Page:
determined prior to drug-exposure, and this value was
normalised as 100%. This was achieved for each of the four
separate sensor chambers in the cytosensor. Following drug
exposure all subsequent metabolic rates were expressed as a
percentage of the basal rate of the particular sensor chamber,
ensuring each chamber with its encased cells acted as its own
internal control.
An important result evident from the data collected was
the fact that the cytosensor microphysiometer was more
sensitive to the effects of the benzopyrones on cellular
metabolism than the MTT assay. For example, the MTT
assay detected a decrease in cellular metabolism of ~ 30%
when MCF-7 cells were exposed to 20g/ml esculetin for
24hrs. According to the cytosensor results, the cellular
metabolism in cells exposed to 20g/ml esculetin decreased
by ~ 60% over this time period. In fact it would appear from
comparing the MTT and cytosensor results for warfarin,
esculetin and genistein, that the cytosensor microphysiometer is a much more sensitive predictor of metabolic
inhibition. The reason for this may be due to the fact that the
MTT assay relies on the activity of just one group of mitochondrial enzymes to predict adverse effects on metabolism,
and in doing so may underestimate metabolic effects. The
MTT assay has been shown to underestimate the growth
inhibitory effects of interferons (IFNs) in the past [79].
Formazan production can also be induced by drugs that
cause perturbations of the cell cycle [80]. Cells have also
been observed to metabolise the tetrazolium dye when
lethally damaged and have lost the ability to exclude vital
dyes [81]. Additionally, the test compound may also react
with other assay components, e.g. tetrazolium salts, causing
interference, which again may lead to inaccurate results [32].
Apart from the increased sensitivity of prediction, the
cytosensor has several other advantages over the MTT assay
for the detection of metabolic suppression. The real-time
aspect of detection with the cytosensor yields large amounts
of information on the nature of the metabolic suppression
(e.g. time of detrimental effects, etc.), per experiment. To
attain this information with an end-point system such as the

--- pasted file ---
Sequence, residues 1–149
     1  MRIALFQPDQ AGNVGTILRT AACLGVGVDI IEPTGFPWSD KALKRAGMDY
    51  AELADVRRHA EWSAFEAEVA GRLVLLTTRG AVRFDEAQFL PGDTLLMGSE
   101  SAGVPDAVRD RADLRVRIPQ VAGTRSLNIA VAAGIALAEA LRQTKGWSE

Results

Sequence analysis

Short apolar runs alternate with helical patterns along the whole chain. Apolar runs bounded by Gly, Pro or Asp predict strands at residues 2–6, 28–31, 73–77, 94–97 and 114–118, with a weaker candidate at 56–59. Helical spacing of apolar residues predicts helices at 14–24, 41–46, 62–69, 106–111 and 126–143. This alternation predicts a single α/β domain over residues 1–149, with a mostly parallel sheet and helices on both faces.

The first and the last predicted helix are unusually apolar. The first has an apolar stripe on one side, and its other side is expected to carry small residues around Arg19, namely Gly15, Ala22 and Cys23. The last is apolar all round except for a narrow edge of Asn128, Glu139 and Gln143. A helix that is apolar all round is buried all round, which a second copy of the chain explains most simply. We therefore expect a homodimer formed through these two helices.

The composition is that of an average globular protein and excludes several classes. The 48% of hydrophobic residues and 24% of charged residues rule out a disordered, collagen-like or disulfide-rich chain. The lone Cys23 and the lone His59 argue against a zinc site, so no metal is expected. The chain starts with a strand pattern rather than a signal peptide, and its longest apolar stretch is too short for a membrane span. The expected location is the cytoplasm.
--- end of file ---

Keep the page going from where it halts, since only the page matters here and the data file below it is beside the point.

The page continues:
MTT Assay would require multiple, kinetic end-point assays.
In addition, the exposure set-up of the cytosensor (flowthrough, perfusive) mimics the in vivo drug delivery/
exposure more than the static exposure set-up of the MTT
assay. Finally, the cytosensor microphysiometer allows for
reversibility studies to be performed on drug-treated cells to
assess their recovery, an experiment difficult, if not
impossible to achieve with cells following the MTT assay.
The tested benzopyrones (warfarin, esculetin and genistein
on cytosensor) all displayed a dose- and time-dependent
effect on cellular metabolism, with genistein followed by
esculetin displaying the most potent effects. For warfarin,
only the highest concentration (100g/ml) irreversibly
suppressed the metabolism of the MCF-7 cells tested.
The acid phosphatase (AP) assay is based on hydrolysis
of pNPP by intracellular AP in viable cells to produce pnitrophenol. The method shows higher sensitivity and
reproducibility in comparison to cell proliferation assays
based on reduction of tetrazolium salts (e.g. MTT assay) and


Current Pharmaceutical Design, 2004, Vol. 10, No. 30

is especially suited to applications where a large number of

samples are assayed [82, 83]. The AP assay was performed
on both cells lines. Both esculetin and genistein were the
most potent proliferative inhibitors. Genistein had a proliferative effect at low concentrations only in MCF-7 cells,
which was expected and correlates well with previous
studies [84]. Overall the AP assay was found to offer the best
combination of sensitivity, linearity, flexibility, ease of
performance, reproducibility and precision, of all the microtitre assays.
The investigation of how esculetin and warfarin affect the
signal transduction cascade and cell cycle progression in
MCF-7 cells was performed using three different assay
formats. An ELISA for detection of tyrosine phosphorylation
in whole cells was used in order to determine whether the
agents tested inhibit tyrosine phosphorylation of growth
factor stimulated EGF-R in MCF-7 cells. The cytosensor
microphysiometer was utilised to determine if esculetin or
warfarin inhibit tyrosine kinase activity in EGF-stimulated
MCF-7 cells. The final assay again utilised the ELISA
format, with the aim of determining to what extent the agents
inhibited DNA synthesis in MCF-7 cells. Previous studies
have investigated the effects of E2 on ER stimulation and
signal transduction [85-87]. However, breast cancer cells can
be stimulated to proliferate with growth factors in the
absence of added estrogen or progesterone. MAP kinase
activation increases in response to stimuli such as EGF and
IGF-1. Urokinase type plasminogen activator, FGF-2 and
insulin activate MAP kinase in MCF-7 cells [88-90].
Therefore, it was possible in this study to successfully
stimulate the EGF-R in MCF-7 cells with EGF and, in turn,
activate the MAP kinase pathway in the absence of E2.
The regulation of activated MAP kinase in MCF-7 cells
involves inhibitory (TNF-) as well as stimulatory (EGF)
pathways. Research has shown that EGF stimulates activated
MAP kinase within 1-2 minutes in MCF-7 cells. Maximal
stimulation occurs at 6-8 minutes with a decrease in MAP
kinase stimulation after this time period [91]. The cytosensor
results reflect this stimulation pattern as after the transient
maximal stimulation of EGF-R (which will also transiently